ArchaeologyFest Film Series: Best of 2015



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To our friends in and near Portland: The best archaeology-related films in the world are coming to Portland, starting Friday night, January 15. This is our annual event, ArchaeologyFest Film Series:Best of 2015! Please come to see some outstanding films and help us support TAC Festival 2016 by enjoying our PSU mini-Festival at the Fifth Avenue Cinema in Portland for four evenings (a different 2-hour show each evening), Friday, January 15; Saturday, January 16; Friday, January 22: and Saturday, January 23. These are the top films from The Archaeology Channel International Film Festival that took place in Eugene last May. All of them are award-winners from this international competition. And it’s just seven bucks for two hours of sheer enjoyment. Read on below for more details on the schedule and films. Please spread the word where you can. See the ArchaeologyFest Web page! And see our YouTube preview.

Rick Pettigrew
Archaeological Legacy Institute
www.archaeologychannel.org

ArchaeologyFest Film Series:
Best of 2015

A benefit for The Archaeology Channel
International Film and Video Festival

5th Ave. Cinema
510 SW Hall St., Portland
January 15/16 & 22/23, 2016

Doors open at 7 pm and programs begin at 7:30 pm on dates indicated. Admission $7. Tickets at the door. These are the best films from the 2015 edition of TAC Festival. (Film screenings for the 2016 edition of TAC Festival will take place in the Recital Hall at The Shedd Institute in downtown Eugene, May 11-15, 2016 [see below].)

Program A: Friday, January 15
Maximon: Saint or Devil (Guatemala) 66 min.
This film is a documentary about a controversial Maya deity who personifies good and evil simultaneously. Maximon, also known as a San Simon, or the drinking and smoking saint of Guatemala, is a mixture of ancient Maya beliefs and Christianity. The movie concentrates on the people who surround Maximon with their strong personalities, opinions and faith. Maximon is honored and loved because he performs miracles, but he is also feared and despised because he is used to cast curses that can result in death. Giving us a rare view into the rituals and fiestas honoring Maximon, the documentary leads us on a journey that is both joyous and terrifying. Ultimately Maximon transcends the duality of good and evil, reflecting the Maya cosmovision in which everything in the universe co-exists. (Honorable Mention in Audience Favorite competition)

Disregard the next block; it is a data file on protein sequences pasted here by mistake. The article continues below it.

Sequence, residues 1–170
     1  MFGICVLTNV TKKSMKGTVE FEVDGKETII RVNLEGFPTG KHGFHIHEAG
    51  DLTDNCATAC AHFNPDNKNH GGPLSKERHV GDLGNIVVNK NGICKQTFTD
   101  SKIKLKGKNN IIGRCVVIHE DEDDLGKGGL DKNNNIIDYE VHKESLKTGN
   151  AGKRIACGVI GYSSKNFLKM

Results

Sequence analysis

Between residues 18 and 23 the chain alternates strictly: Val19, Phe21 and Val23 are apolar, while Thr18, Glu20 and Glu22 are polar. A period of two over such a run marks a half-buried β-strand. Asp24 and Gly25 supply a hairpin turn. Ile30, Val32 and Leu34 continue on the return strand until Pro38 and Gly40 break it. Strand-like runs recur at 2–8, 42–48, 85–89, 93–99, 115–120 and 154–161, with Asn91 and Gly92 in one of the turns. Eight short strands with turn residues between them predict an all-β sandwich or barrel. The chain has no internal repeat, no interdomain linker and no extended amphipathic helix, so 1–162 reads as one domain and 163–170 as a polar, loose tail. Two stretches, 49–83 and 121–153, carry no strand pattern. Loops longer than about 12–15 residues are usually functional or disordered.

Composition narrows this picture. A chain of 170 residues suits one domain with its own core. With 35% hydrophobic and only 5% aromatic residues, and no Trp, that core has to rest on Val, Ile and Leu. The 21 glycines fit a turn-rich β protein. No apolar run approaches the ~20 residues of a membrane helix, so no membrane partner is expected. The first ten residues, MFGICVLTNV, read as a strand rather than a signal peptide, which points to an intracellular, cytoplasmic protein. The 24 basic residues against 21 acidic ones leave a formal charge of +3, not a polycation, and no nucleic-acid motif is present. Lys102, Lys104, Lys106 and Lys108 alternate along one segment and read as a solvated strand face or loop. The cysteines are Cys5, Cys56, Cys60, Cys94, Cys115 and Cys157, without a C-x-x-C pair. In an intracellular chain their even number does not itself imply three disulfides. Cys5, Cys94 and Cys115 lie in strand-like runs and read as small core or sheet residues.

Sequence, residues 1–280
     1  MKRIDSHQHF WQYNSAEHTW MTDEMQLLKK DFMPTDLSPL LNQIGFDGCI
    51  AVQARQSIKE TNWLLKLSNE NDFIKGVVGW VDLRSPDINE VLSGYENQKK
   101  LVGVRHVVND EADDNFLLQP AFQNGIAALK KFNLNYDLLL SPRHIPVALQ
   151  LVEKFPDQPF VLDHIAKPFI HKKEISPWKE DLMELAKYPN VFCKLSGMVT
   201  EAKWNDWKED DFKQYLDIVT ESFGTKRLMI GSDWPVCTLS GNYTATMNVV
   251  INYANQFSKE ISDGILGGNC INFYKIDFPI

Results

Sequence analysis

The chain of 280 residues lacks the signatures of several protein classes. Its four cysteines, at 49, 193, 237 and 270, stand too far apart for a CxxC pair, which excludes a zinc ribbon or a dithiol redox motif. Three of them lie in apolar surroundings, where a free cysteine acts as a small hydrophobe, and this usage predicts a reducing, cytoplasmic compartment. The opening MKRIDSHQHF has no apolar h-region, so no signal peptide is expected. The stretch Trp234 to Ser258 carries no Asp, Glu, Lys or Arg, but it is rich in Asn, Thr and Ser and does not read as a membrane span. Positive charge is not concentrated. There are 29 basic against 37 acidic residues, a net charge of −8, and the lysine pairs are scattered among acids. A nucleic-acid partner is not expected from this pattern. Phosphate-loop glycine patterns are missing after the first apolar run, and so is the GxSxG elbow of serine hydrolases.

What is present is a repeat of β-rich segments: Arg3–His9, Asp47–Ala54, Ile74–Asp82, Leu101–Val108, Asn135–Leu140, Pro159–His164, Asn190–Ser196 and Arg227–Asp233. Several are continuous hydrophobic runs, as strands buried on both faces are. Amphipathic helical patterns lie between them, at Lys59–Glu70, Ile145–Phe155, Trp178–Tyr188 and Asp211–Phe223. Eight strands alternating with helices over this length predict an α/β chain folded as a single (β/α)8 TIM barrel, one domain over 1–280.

Talking Stone: Rock Art of the Cosos (USA) 54 min.
Hidden away in the canyons of a top-secret military base on the edge of the Mojave Desert is the largest concentration of rock art in North America, perhaps in the world. Created thousands of years ago by a now-vanished culture, it represents the oldest art in California. Talking Stone explores these remote canyons and the mysteries surrounding these indelible images. Who created these rock art images? Why did they create these images? What does that say about their culture in the grand scheme of humanity? All of these questions are examined in further detail.